Q&A with Jo Wilson, MD, instructor, Division of Allergy, Immunology, and Rheumatology
Hometown: Acworth, Georgia
Educational/professional background: I earned by BS in biochemistry at Kennesaw State University and my MD at Medical College of Georgia. I completed a residency in pediatrics and a fellowship in pediatric allergy and immunology at Johns Hopkins University Medical Center.
Previous position (title, institution): Pediatrics resident and allergy and immunology fellow at Johns Hopkins University Medical Center
How would you describe your work to a 5-year-old? My goals are to help children who have problems with allergies or with infections. I want to find out what is causing their problems and to make them feel better. I also work in a lab where we try to figure out new answers to why children sometimes get sick.
How did you get into your field of research or area of clinical care? I was highly allergic as a child and often hospitalized as a result. Throughout young adulthood, I had an ongoing curiosity about the underlying mechanisms of why children become sick with conditions similar to mine, and this led me to pursue the field of medicine. I ultimately chose pediatric allergy and immunology likely due to those early curiosities. I worked in a lab right out of college at Emory where we looked at innate immune escape in adenoviral infections. Since my time in that space, how viral infections affect the atopic child has been a main interest of mine. I continue to be passionate about that area of research and hope to continue that work here at the University of Wisconsin.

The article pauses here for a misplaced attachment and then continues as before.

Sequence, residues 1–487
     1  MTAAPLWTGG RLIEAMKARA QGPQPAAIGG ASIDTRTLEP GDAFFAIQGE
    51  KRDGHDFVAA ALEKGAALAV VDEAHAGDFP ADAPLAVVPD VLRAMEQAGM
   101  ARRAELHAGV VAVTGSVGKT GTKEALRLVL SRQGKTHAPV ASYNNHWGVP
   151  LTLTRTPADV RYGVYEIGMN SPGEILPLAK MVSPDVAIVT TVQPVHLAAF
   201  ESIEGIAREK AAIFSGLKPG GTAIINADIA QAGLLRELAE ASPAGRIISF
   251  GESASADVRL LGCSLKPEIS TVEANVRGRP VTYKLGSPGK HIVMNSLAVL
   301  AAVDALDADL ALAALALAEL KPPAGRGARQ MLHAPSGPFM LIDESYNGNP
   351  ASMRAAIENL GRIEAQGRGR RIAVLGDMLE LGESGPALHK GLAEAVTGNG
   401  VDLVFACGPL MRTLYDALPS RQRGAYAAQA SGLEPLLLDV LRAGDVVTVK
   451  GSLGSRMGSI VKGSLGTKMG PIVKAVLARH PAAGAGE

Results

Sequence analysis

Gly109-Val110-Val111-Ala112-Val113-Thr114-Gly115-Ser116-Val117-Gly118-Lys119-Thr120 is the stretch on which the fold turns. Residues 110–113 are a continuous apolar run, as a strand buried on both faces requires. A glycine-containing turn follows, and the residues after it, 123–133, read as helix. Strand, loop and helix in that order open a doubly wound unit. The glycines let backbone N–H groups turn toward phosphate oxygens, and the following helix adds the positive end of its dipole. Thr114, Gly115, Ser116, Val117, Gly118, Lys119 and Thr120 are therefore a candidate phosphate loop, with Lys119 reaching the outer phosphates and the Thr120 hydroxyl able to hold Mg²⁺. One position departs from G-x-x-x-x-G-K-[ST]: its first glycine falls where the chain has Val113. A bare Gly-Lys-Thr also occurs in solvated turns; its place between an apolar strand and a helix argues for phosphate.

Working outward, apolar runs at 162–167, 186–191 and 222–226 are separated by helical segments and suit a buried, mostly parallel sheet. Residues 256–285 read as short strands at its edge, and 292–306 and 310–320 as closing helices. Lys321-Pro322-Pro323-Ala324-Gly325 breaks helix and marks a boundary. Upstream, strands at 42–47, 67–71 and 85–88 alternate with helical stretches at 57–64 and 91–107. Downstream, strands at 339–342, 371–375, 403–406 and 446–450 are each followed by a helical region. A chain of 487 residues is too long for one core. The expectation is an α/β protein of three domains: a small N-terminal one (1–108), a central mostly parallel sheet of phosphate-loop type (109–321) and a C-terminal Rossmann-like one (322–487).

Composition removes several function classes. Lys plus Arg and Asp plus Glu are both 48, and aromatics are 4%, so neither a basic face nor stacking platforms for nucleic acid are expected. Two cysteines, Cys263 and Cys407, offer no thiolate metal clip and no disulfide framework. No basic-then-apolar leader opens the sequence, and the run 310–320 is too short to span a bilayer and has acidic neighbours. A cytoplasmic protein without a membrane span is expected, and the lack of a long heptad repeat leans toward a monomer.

What attracted you to UW–Madison? The research going on at UW–Madison was highly consistent with my interests and experience. I was at a level of training where I wanted research independence but also wanted to have mentorship working with leaders in the field of viral infection and the interplay with atopic asthma. That is what brought me here.
What is your favorite thing to do in Madison? We recently moved but are loving Madison so far. Just in the brief time that we have lived here, we have gone camping in a beautiful location in western Wisconsin, we have memberships to the children’s museum, and are always going to a farmers’ market or some sort of outdoor event. My family and I just love it here so far.
What’s one thing you hope trainees will learn from you and your work? I hope that trainees can take away knowledge of the pediatric immune system as well as understanding pediatric atopy. I also hope that I portray passion and curiosity for research and underlying mechanisms of disease and why these things are so important to study.
Do you feel your work relates in any way to the Wisconsin Idea? If so, please describe how. I think that it does. Both with seeing children in the clinic and working with pediatric samples in the lab, I hope to better the lives of children outside of the UW living their daily lives. I also hope that working with students can also spark creativity and a passion for science that they can take forward.
What’s something interesting about your area of expertise you can share that will make us sound smarter during video chats and parties? Viruses are not alive or dead. Many people anthropomorphize viruses, giving them lifelike qualities, but they do not fit the classic definition of life given that they require the host machinery of a cell to self-sustain. But given that no organisms are completely self-supporting, maybe we should change our view?
What are some of your hobbies and other interests? My husband and I have three children, and we love to be active and be outside. We are always either playing in the yard, finding a playground, outdoor market, or something to go do on the weekends. We also love to camp as a family.